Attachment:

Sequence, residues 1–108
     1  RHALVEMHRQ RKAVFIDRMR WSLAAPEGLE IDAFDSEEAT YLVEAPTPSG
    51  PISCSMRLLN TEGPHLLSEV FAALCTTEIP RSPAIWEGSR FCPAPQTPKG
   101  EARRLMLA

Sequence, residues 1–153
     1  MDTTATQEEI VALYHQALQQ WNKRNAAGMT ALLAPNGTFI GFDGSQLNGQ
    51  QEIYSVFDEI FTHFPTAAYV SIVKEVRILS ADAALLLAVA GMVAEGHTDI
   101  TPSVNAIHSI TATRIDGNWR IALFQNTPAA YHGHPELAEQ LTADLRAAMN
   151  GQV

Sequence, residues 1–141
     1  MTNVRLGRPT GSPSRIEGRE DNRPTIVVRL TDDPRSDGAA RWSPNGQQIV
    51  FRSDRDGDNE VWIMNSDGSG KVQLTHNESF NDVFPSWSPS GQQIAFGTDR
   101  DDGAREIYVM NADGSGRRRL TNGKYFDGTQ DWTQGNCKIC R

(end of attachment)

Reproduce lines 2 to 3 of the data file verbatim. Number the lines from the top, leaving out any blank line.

     1  RHALVEMHRQ RKAVFIDRMR WSLAAPEGLE IDAFDSEEAT YLVEAPTPSG
    51  PISCSMRLLN TEGPHLLSEV FAALCTTEIP RSPAIWEGSR FCPAPQTPKG